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Many small businesses are still trying to figure out location-based marketing. There's been plenty of changes since Foursquare and Yelp first came on the scene a few years back. What's one thing that entrepreneurs should know when it comes to location-based marketing?
Your listing is extremely important when it comes to local search. Ensure that all your business locations are listed on all the major location-based marketing services like Google+ Local, Foursquare, Yelp, Facebook, MapQuest and others with the correct images, address, phone number and additional information like menus, specials and more. According to a Yext study, businesses as a whole are losing $10.3 billion dollars annually from missing or incomplete listings.
Being responsive -- both on social media and to reviews -- is still very important. Customers are turning online to learn about their local businesses more than ever before. Business owners wear so many hats, but your local marketing efforts should be prioritized when possible.
Good incentives are a must. Consumers have gotten accustomed to being rewarded for participating in location-based marketing programs, so pony up a good incentive to get your loyalists to repeat and to share. The competition next door is stiff.
You should ask your regular customers and customers that express appreciation for your business to do reviews. It seems obvious that people would do this on their own, and you may feel a bit awkward about asking, but just a quick "thanks, would you mind doing a short review on Yelp," for example, can increase your comments and make you more desirable.
Location-based marketing works in two directions. One, you can PUSH ads out to people based on their location. Are they in the same vicinity as your retail stores? That can help you avoid wasting money. Two, you can PULL people in who are in discovery mode. The Blue Fog Market is a new deli around the corner from my office. When I looked for a place to eat nearby, Yelp showed me they had a deal for a free cup of Blue Bottle Coffee with purchase when I "check in." I'll go there tomorrow morning instead of the place across the street.
Location-based marketing is a great way to add value to people. You don't have to over-complicate it.Use a platform like Foursquare to create helpful tips that are relevant to your industry and your geographic region. For example, if you're a realtor in Toronto, you could offer insider tips about landmarks around the city that only locals might know about. This would help in positioning you as a go-to resource within your industry for both people within the city and those looking to visit. And, it doesn't have to cost you anything.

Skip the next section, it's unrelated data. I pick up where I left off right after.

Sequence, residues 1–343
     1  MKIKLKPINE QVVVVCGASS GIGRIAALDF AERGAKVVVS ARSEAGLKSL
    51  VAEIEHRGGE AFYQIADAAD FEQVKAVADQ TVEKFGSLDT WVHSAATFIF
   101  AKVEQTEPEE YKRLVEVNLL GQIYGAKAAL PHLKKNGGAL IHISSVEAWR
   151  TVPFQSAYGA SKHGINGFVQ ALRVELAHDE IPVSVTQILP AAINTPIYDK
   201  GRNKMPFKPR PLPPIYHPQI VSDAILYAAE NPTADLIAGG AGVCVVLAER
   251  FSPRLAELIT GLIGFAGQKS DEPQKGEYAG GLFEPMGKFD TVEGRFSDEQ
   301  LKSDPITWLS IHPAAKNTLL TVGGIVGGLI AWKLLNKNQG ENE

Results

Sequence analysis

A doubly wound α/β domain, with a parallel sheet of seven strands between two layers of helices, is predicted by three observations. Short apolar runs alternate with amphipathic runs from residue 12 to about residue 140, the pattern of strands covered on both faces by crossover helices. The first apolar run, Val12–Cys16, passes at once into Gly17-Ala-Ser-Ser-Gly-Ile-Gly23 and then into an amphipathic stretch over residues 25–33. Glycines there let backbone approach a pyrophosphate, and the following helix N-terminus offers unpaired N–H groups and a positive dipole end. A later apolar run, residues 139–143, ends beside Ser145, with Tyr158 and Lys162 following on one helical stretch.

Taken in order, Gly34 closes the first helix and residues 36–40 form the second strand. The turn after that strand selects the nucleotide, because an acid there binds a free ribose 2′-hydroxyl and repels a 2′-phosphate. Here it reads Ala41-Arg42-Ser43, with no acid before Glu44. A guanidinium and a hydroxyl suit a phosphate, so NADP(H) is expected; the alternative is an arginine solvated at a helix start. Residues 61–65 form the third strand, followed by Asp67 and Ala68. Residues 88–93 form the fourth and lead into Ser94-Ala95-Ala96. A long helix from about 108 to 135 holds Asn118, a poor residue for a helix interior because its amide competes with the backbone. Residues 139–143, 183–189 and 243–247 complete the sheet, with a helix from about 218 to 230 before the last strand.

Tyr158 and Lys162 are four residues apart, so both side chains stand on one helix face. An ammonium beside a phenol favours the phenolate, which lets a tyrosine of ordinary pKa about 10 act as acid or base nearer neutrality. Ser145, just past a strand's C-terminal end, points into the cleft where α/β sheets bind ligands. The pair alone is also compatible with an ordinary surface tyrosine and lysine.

Responsive website design is critically important. As the pervasiveness of mobile devices like tablets and smartphones continues to rapidly increase, consumers are going to access your website from these devices more frequently. If your website doesn't display correctly, you're likely to lose out on a potential sale or lead.
The key to location-based marketing is to focus on convenience for the user. Example: Your customer is in the store/at the restaurant/checking into the hotel. What upsell can you offer them "at this moment" via mobile that doesn't feel like an upsell, but rather, something they need? Think a Facebook Places tie-in with AmEx Membership Rewards Points if they choose to upgrade their room, or similar. The hard part has been done for you -- bringing the customer in. Your job is to figure out how to amaze them now that they're there, so your marketing becomes that much more successful.
You need to ask, "Is it useful?" Do that before you jump into location-based tactics as simply another way to broadcast your message just because you know I am near. Use the fact that you know where I am to create a better experience -- like tell me about other stuff around me, show me the nearest X, send me some useful tips based on my location and then get back out of the way.
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